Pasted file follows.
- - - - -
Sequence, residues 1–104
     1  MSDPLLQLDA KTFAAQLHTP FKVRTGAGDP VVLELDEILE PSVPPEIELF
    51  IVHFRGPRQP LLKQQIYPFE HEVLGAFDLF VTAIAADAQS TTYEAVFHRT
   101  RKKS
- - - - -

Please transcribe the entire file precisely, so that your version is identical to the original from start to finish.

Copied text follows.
Sequence, residues 1–104
     1  MSDPLLQLDA KTFAAQLHTP FKVRTGAGDP VVLELDEILE PSVPPEIELF
    51  IVHFRGPRQP LLKQQIYPFE HEVLGAFDLF VTAIAADAQS TTYEAVFHRT
   101  RKKS